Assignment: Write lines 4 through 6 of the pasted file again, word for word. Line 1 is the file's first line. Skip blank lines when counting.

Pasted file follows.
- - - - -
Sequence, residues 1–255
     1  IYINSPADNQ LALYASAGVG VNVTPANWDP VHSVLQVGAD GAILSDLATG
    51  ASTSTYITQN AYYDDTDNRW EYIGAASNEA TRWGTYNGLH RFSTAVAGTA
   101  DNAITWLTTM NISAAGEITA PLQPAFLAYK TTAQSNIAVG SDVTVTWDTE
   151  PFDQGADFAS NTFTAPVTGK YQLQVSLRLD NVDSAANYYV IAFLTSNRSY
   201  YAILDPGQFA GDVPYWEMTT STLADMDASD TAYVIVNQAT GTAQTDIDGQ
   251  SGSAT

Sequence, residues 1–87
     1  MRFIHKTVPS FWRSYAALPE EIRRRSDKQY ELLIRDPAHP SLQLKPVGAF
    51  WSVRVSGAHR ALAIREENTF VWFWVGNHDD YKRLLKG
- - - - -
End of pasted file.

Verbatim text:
   101  DNAITWLTTM NISAAGEITA PLQPAFLAYK TTAQSNIAVG SDVTVTWDTE
   151  PFDQGADFAS NTFTAPVTGK YQLQVSLRLD NVDSAANYYV IAFLTSNRSY
   201  YAILDPGQFA GDVPYWEMTT STLADMDASD TAYVIVNQAT GTAQTDIDGQ